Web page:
The “Petralona man”, or “Archanthropus of Petralona”, is a 700,000-year-old human skull discovered in 1959.
Since then, scientists have been trying to trace this skull’s origin, a process that has caused considerable controversy.
The skull, indicating the oldest human “europeoid” (presenting European traits), was embedded in a cave’s wall in Petralona, near Chalkidiki in Northern Greece.
The cave, rich in stalactites and stalagmites, was accidentally located by a shepherd. Dr. Aris Poulianos, an expert anthropologist, member of the UNESCO’s International Union of Anthropological and Ethnological Sciences and founder of the Anthropological Association of Greece, was assigned a research on the cave and skull.
Before that, Dr. Poulianos was already known for his thesis on “The origin of the Greeks”.
His thesis was based on craniological and anthropometrical studies of Modern Greek populations, which proved that modern Greeks are related to ancient Greeks and that they are not the descendants of Slavic nations.
After the extensive study on the 700,000-year-old skull, he concluded that the “Petralona man” was not connected to the species that came out of Africa.
His arguments were mainly based on the skull’s almost perfect orthography, the shape of its dental arch, and the occipital bone construction.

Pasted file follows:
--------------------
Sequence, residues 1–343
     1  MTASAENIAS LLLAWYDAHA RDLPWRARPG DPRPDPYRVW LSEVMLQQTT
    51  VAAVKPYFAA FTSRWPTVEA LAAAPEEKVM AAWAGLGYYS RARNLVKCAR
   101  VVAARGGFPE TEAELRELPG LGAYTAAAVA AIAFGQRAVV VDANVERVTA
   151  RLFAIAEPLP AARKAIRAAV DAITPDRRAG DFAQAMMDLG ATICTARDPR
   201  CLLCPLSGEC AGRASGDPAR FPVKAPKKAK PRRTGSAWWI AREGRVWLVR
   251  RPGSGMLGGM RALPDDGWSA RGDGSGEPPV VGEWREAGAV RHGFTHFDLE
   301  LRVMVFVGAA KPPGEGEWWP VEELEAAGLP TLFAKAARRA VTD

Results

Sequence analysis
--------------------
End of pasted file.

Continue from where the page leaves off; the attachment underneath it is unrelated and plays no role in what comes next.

According to the “Out of Africa” theory, “anatomically modern humans” known as “Homo sapiens” originated in Africa between 200,000 and 100,000 years ago before spreading to the rest of the world. This theory was related to the fact that most prehistoric fossils were found in Africa.
In 1964, two German researchers, anthropologist E. Breitinger and paleontologist O. Sickenberg, who were invited to Greece, suggested that the skull was actually 50,000 years old, thus rejecting Dr. Poulianos’ theory.
Moreover, Breitinger claimed that the skull belonged to the “first African out of Africa”. A few years later, in 1971, US Archaeology magazine confirmed Poulianos’ statement.
According to the scientific magazine, the existence of a cave dating back more than 700,000 years and human presence in almost every geological layer were ascertained.
Additionally, the magazine affirmed that human presence became evident from the discovery of Paleolithic tools of the same age and the most ancient traces of fire that was ever lit by human hand. The research continued from 1975 to 1983, when the excavation stopped and findings remained inaccessible to study until 1997.
Today, 50 years after the discovery of the “Petralona man”, modern methods of absolute chronology confirm Dr. Poulianos’ theory.
Most academics believe that the skull belongs to an archaic hominid with strong European traits and characteristics of Homo erectus, Neanderthals and sapiens, but they distinguish it from all these species.
This incredible discovery raises new questions on human evolution, and certainly challenges the “Out of Africa” theory.
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